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This IS how to get sponsored

D-Dub63

New Member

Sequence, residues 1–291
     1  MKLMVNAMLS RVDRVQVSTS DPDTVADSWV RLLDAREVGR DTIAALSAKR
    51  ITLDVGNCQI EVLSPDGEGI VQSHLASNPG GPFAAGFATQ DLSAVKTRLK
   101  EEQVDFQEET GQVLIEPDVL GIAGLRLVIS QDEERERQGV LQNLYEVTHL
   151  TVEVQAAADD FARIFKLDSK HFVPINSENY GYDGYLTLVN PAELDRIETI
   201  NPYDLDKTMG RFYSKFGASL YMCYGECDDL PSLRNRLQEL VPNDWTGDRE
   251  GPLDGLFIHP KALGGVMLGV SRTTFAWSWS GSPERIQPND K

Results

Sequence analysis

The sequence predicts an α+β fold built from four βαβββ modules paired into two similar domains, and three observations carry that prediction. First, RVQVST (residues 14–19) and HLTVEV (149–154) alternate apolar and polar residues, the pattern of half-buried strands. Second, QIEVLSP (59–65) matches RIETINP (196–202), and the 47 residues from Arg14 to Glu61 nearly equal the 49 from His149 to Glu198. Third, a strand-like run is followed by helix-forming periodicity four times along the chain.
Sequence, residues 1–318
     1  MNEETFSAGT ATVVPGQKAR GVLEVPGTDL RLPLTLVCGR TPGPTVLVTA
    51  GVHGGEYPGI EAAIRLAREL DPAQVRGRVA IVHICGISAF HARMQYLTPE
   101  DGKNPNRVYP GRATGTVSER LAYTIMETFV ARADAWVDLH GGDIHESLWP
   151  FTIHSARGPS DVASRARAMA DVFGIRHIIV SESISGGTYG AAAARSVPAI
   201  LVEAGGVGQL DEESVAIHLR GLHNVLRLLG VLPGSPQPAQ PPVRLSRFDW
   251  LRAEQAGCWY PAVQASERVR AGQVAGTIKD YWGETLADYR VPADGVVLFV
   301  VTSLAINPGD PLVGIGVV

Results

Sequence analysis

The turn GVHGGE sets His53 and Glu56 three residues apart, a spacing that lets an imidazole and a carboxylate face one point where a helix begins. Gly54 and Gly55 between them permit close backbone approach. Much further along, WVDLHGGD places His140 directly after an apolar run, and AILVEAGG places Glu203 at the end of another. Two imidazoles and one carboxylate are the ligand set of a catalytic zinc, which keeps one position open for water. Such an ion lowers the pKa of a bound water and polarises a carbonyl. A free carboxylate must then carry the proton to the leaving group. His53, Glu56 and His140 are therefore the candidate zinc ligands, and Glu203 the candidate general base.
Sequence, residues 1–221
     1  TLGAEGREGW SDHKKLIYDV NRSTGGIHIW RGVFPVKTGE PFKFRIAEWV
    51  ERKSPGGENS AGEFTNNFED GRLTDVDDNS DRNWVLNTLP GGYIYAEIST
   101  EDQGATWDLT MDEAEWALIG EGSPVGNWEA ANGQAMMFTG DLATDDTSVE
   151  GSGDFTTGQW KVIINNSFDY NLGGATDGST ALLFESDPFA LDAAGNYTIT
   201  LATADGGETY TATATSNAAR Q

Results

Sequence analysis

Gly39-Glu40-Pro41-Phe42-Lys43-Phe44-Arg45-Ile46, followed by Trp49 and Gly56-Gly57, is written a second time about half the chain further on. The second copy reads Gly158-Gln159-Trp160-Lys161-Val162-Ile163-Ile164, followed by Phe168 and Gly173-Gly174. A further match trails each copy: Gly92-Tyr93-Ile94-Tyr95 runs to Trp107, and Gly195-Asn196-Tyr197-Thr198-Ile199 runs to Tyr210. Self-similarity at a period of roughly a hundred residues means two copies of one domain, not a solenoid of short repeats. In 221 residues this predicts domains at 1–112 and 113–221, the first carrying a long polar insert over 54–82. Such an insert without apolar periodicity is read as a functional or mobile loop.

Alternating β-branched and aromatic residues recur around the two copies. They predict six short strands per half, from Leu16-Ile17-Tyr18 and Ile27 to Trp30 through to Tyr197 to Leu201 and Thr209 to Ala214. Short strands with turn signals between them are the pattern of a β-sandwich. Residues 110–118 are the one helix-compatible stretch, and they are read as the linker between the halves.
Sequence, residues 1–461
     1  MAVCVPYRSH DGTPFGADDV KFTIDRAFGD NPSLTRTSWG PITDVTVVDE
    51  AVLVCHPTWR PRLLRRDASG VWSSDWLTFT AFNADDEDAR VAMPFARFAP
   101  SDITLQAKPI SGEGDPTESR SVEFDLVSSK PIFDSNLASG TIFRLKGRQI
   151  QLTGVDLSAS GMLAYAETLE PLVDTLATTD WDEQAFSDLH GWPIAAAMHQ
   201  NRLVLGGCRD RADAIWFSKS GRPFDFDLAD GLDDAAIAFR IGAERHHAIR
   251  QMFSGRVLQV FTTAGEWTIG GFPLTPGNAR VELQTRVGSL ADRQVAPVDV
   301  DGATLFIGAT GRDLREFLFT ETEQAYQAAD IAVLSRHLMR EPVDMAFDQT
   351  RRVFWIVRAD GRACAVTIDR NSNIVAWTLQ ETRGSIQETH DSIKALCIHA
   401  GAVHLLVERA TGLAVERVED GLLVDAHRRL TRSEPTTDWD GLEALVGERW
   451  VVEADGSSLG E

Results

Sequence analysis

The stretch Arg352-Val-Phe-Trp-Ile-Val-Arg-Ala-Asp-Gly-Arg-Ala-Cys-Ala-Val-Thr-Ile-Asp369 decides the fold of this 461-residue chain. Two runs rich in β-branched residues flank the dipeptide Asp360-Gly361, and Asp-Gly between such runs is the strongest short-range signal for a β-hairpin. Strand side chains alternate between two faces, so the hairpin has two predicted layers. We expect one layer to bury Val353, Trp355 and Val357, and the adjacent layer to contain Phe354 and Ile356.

It has been many moons since I last set a race boot shod foot on the desert except those times in combat boots. Now that I’ve got the opportunity to return to the sport, I have had to do a few of the top do not do’s, first being cold calls. Because I’m not close by where the majority of the industry is located, I have no choice. Here’s the deal, if you have no alternative, go for it, the only thing that beats a try is a no. But as was stated, have a good understand of marketing. 70-75% of sponsorships isn’t about winning races, it is marketing brand(s). Be humble but confident. Be prepared to pay up front and believe in the brands you are marketing for, and know the products for that brand(s). Don’t shop yourself to “Nike” having never worn or intend to ever wear “Nike”. NASCAR, IRL, NHRA all have top sponsors and are generally performance based sponsorships, meaning, win, place or show well is the requisite performance those sponsors are looking for. In desert racing, small teams as well as top name teams race out of their pockets, to a greater or lesser degree. When you have to make the cold calls, be polite, professional, honest and realistic. The idea of “if I allow you to put your brand on my car or truck, you gotta give me XY&Z” will have the maximum effective range of a popcorn fart in a whirlwind. Check your ego at the door... you need a sponsor more then they need to sponsor you. I have been successful this year, lining up sponsorships with some major companies, while I’m building my new class 8100 truck. I need them, I want their parts on my truck, I’m willing to do what it takes to earn a sponsors respect on a cold call, and I believe that to be honestly and integrity. I’m feel privileged when I earn a spot with a sponsor, even if it is only racer pricing, 15% discounts, and have gotten as high as 50% discounts from sponsors by doing cold calls. I will work hard for all my sponsors, they won’t have to come looking for me to post something on social media... I keep in contact with the marketing folks and will hunt them down, letting them know what I’m doing. I have a firm but flexible plan while I’m building this new truck, I let the sponsors know upfront this is where we are at and at what phases of the build will their products start being introduced into the build. By doing this I believe I have earned a modicum of respect from those companies who have taken a huge risk, by providing support to my program, to an old “new” racer. Once the build is complete, if I’m not racing, I’m going to events showcasing, not my truck, but the products of my sponsors that are on that truck. Letting potential consumers touch the parts, maybe hand out some contingency stuff for the sponsors. As a former business owner, I was a tire sponsor for two IMCA cars, I was also the crew chief for the team. But every cap, t-shirt, or service I gave away at the track and the cost of buying tires so my company name was on those cars was an advertisement expense that I received as a tax deduction from. These were circle dirt track cars, and as a crew chief, I wanted to win, but as a business owner, I already won from advertising, even if one of the cars DNF. There was one thing that wasn’t brought up, in the don’t category, it should go without saying but it needs to be said, DON’T EVER have two competing sponsorship brands on your car or truck. E.G. you have sponsorships from both King and Fox shocks... that never turns out well when one or both figure out you are playing both ends against the middle. There is one exception, say Toyo Tires is sponsoring you, but BFGOODRICH is sponsoring a BITD event and the rules say you have to display an event sponsor on the car/truck or you will incur a time penalty. The other part of that is of course contingency money for having an event sponsor name on your car/truck and you manage to podium in that race. Have the event sponsor name on the car/truck, but not next to your sponsors name... again, things can go ugly early. Anyway, the info that was put out by D4D was excellent, but there are times when not all rules are hard and fast, your individual situation will dictate your plan of attack. Me I’m stuck like Chuck in SE Oklahoma, so cold calls are what I have to do. But I always call first, before I will send a cold impersonal email. Psychologically, talking on the phone is a great ice breaker and it puts a voice to a name, then the name on the email is recalled by hearing that person speak as your email is being read. Cheers, good luck and hope to see y’all in the desert in 2020. D-Dub
 
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